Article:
But the real problem occurs when we try to concentrate on the two tasks we are dealing with, because this then causes an overload of the brain’s processing capacity.

This is particularly true when we try to perform similar tasks at the same time – such as writing an email and talking on the phone – as they compete to use the same part of the brain. As a result, your brain simply slows down.

Elinor Ochs of UCLA believes habitual multitasking may condition brains to an overexcited state, making it difficult to focus even when people want to.

This may explain research Stanford University, the people that multitask most are the people who are worst at it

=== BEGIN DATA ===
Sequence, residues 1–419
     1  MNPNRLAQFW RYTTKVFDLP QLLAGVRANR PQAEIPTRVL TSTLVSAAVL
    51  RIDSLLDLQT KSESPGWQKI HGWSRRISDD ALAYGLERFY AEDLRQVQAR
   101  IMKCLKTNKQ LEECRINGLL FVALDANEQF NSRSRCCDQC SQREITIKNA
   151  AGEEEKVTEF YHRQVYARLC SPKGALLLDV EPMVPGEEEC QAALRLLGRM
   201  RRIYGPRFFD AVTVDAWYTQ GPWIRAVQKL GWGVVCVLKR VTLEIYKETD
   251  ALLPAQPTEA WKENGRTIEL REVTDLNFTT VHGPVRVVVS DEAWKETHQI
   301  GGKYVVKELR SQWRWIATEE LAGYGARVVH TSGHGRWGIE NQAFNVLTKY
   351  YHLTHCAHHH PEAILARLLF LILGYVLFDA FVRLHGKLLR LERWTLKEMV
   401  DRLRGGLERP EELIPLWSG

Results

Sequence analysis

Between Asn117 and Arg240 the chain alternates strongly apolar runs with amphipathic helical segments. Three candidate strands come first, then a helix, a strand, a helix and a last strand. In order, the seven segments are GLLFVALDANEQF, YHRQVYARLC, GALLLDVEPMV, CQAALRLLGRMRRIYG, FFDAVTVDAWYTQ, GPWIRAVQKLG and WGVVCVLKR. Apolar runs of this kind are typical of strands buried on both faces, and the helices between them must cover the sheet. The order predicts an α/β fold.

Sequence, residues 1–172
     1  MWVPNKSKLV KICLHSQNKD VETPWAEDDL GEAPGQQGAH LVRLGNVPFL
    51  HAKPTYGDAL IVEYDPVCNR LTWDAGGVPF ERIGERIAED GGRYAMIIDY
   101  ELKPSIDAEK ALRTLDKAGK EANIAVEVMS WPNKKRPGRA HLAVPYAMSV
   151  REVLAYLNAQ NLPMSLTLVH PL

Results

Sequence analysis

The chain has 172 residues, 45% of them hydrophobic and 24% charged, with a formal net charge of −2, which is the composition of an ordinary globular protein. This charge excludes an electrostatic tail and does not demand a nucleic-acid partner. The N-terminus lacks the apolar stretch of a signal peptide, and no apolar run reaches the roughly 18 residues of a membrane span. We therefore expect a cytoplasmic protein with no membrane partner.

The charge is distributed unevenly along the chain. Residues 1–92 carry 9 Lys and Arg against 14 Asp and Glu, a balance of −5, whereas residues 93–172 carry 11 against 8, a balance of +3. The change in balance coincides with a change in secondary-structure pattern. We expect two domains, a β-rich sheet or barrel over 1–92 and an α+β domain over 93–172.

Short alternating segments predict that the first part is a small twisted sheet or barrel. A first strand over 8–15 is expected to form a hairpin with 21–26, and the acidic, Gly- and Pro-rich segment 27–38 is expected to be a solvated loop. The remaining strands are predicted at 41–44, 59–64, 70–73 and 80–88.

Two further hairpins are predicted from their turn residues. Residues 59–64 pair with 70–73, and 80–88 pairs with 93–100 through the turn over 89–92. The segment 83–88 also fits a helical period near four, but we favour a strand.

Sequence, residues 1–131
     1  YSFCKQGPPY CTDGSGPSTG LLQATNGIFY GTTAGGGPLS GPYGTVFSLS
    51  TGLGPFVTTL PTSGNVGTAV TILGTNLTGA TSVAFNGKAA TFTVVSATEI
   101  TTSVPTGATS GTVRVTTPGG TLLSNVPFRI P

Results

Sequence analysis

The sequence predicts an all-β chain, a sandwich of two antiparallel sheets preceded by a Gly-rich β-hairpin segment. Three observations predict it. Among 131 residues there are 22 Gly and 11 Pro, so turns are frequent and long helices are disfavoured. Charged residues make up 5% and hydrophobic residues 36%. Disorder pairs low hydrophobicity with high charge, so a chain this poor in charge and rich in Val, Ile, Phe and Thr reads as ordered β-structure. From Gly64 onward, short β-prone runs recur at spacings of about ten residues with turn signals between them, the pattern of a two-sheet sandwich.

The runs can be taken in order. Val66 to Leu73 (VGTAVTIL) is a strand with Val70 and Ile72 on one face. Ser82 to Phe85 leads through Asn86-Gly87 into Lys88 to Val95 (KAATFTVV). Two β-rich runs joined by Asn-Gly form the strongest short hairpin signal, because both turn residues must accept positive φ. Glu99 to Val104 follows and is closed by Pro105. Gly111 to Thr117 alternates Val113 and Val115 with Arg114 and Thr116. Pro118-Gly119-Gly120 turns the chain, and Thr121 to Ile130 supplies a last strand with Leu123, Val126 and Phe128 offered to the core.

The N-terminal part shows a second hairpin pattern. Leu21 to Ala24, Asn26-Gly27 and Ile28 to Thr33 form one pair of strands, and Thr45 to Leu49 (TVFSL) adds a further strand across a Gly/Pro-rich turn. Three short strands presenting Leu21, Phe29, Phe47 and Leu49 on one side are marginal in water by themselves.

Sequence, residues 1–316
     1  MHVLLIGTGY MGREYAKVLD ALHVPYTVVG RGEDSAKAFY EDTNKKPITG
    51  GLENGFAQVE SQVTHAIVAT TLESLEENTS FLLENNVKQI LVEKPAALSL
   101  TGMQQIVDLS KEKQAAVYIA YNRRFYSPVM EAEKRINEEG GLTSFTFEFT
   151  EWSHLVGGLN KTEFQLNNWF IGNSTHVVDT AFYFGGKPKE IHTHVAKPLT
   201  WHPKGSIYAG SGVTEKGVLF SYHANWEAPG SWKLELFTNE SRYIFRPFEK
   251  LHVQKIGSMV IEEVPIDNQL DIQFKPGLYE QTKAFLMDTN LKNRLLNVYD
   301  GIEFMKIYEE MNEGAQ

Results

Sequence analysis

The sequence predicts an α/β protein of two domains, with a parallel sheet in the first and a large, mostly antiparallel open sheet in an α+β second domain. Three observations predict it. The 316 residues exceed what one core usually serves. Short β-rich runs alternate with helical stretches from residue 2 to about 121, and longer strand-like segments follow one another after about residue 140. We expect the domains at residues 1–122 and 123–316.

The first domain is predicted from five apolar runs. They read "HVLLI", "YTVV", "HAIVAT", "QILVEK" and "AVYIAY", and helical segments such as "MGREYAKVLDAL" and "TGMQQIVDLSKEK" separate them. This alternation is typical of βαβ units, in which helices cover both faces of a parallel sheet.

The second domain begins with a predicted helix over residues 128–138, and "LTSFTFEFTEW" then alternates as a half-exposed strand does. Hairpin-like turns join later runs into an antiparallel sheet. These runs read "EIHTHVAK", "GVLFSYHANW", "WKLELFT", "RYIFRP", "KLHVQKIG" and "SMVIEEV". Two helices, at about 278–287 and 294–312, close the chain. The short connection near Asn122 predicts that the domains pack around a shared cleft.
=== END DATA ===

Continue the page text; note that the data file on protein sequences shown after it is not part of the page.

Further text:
But to avoid multistasking we have to be ruthless about prioritisation – next section.

Multitasking causes car crashs – think about it.

Decision Theory for Planners #108 – 95% on time

Some well known and frightening statistics about major projects, from the Standish Group.

Typical Challenges & Symptoms with Projects Mean Performance (1998)
Late Only 44% of all projects finish on schedule or before.  The rest tend to be very late.
On average, projects are 222% longer than planned.
Over budget By 189%
Fall short of planned technical content 70% of projects
Canceled before finished 30% of projects

If 2004 is taken as a base then the failure of around 80% of local planning authorities to have an adopted core strategy musst rank as one of the greatest project management failures in History, alongside the passport office computer system and the Mars Probe.